The impact of economics blogs
AbstractThere is a proliferation of economics blogs, with increasing numbers of economists attracting large numbers of readers, yet little is known about the impact of this new medium. Using a variety of experimental and non-experimental techniques, this study quantifies some of their effects. First, links from blogs cause a striking increase in the number of abstract views and downloads of economics papers. Second, blogging raises the profile of the blogger (and his or her institution) and boosts their reputation above economists with similar publication records. Finally, a blog can transform attitudes about some of the topics it covers.
Download InfoIf you experience problems downloading a file, check if you have the proper application to view it first. In case of further problems read the IDEAS help page. Note that these files are not on the IDEAS site. Please be patient as the files may be large.
Bibliographic InfoPaper provided by The World Bank in its series Policy Research Working Paper Series with number 5783.
Date of creation: 01 Aug 2011
Date of revision:
Tertiary Education; E-Business; Economic Theory&Research; Information Security&Privacy; Agricultural Knowledge&Information Systems;
Other versions of this item:
- McKenzie, David J. & Özler, Berk, 2011. "The Impact of Economics Blogs," CEPR Discussion Papers, C.E.P.R. Discussion Papers 8558, C.E.P.R. Discussion Papers.
- A11 - General Economics and Teaching - - General Economics - - - Role of Economics; Role of Economists
- A23 - General Economics and Teaching - - Economic Education and Teaching of Economics - - - Graduate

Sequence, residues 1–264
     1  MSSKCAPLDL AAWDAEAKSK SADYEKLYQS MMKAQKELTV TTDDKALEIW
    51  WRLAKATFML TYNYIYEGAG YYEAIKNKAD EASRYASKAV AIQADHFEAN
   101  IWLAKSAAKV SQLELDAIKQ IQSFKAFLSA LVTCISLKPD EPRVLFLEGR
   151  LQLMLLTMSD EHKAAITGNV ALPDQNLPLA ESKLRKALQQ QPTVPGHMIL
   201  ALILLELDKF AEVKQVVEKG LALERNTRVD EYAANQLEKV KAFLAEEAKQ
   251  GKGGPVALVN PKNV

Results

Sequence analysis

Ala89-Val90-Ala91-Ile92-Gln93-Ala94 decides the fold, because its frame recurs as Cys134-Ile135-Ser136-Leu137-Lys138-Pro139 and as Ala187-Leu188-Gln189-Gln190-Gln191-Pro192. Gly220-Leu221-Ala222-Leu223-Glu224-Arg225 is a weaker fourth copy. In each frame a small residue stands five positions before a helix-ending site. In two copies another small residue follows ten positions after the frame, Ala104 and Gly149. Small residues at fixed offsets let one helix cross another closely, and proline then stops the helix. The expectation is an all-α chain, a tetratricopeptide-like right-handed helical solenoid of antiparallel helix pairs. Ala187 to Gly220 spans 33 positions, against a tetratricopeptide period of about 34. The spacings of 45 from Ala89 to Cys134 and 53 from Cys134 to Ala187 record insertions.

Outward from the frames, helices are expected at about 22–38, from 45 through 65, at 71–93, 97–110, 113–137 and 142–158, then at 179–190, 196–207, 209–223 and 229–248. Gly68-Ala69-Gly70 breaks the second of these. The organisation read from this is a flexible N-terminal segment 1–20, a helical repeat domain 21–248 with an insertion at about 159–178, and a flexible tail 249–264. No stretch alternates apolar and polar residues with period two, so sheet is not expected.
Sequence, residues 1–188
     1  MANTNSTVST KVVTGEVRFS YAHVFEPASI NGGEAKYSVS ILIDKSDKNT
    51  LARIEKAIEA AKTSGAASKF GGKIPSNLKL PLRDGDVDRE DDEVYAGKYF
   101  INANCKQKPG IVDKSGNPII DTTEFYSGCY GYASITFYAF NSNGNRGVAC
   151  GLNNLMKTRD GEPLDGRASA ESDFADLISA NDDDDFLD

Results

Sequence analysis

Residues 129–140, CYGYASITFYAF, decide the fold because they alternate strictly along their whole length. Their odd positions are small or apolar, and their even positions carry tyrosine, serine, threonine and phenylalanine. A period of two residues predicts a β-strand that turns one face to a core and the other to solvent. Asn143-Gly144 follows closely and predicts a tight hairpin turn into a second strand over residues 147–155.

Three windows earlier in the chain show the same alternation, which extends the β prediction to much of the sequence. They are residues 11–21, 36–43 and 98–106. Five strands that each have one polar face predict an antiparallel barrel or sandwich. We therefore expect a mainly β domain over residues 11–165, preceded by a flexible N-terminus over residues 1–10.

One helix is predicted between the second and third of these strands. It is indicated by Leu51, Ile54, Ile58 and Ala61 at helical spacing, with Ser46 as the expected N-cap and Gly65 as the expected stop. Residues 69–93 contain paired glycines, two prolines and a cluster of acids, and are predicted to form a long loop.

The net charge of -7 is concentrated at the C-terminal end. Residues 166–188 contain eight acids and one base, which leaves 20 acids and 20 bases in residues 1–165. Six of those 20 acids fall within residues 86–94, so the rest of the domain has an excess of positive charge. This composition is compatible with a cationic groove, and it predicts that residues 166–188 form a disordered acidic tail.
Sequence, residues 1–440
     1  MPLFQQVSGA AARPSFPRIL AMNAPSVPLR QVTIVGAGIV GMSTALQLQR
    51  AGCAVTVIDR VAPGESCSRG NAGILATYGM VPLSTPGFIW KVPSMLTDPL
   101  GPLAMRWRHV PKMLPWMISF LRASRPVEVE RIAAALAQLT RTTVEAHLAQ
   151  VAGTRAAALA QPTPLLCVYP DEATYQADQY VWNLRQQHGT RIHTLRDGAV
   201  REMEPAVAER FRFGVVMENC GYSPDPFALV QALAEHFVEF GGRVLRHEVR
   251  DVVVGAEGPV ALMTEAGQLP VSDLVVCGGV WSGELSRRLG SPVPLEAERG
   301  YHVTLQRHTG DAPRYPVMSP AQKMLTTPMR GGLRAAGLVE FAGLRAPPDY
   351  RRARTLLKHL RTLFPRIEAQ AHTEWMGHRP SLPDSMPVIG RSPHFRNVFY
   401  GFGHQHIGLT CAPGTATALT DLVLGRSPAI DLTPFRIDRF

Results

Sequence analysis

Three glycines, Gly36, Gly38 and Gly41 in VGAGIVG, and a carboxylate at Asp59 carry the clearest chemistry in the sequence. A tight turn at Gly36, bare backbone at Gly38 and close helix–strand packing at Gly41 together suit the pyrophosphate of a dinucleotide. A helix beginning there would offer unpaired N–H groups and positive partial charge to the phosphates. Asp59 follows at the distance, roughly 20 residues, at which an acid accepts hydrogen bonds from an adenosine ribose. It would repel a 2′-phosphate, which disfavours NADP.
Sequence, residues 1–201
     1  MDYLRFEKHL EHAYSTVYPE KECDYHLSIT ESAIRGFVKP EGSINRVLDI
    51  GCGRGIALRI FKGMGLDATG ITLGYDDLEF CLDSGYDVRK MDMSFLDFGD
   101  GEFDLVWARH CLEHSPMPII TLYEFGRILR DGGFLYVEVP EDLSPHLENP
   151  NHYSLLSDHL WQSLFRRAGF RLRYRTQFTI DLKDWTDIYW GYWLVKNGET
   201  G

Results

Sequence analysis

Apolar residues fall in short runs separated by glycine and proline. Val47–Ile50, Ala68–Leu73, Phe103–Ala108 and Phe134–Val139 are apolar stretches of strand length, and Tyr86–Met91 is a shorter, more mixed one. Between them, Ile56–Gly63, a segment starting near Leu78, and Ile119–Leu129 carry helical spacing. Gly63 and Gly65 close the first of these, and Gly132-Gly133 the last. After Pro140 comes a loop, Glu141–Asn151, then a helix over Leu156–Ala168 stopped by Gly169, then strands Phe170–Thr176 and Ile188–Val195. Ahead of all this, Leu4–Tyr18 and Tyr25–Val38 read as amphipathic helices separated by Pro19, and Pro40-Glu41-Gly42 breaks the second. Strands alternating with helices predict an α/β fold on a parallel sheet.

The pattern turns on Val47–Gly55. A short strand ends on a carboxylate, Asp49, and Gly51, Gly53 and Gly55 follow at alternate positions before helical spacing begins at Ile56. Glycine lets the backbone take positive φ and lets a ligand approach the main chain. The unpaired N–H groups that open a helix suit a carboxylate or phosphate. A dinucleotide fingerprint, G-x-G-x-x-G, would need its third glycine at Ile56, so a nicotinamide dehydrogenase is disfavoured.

This paper has been announced in the following NEP Reports:
Please report citation or reference errors to , or , if you are the registered author of the cited work, log in to your RePEc Author Service profile, click on "citations" and make appropriate adjustments.:
- Franklin G Mixon & Kamal P Upadhyaya, 2010. "Blogometrics," Eastern Economic Journal, Palgrave Macmillan, vol. 36(1), pages 1-10.
- Stefano DellaVigna & Ethan Kaplan, 2006.
"The Fox News Effect: Media Bias and Voting,"
NBER Working Papers
12169, National Bureau of Economic Research, Inc.
- DellaVigna, Stefano & Kaplan, Ethan, 2006. "The Fox News Effect: Media Bias and Voting," Seminar Papers, Stockholm University, Institute for International Economic Studies 748, Stockholm University, Institute for International Economic Studies.
- James Rockey, 2009. "Who is left-wing, and who just thinks they are?," Discussion Papers in Economics, Department of Economics, University of Leicester 09/23, Department of Economics, University of Leicester.
- William L. Davis & Bob G. Figgins & David Hedengren & Daniel B. Klein, 2011. "Economics Professors' Favorite Economic Thinkers, Journals, and Blogs (along with Party and Policy Views)," Econ Journal Watch, Econ Journal Watch, vol. 8(2), pages 126-146, May.
- Douglas A. Irwin, 1997.
"Higher Tariffs, Lower Revenues? Analyzing the Fiscal Aspects of the "Great Tariff Debate of 1888","
NBER Working Papers
6239, National Bureau of Economic Research, Inc.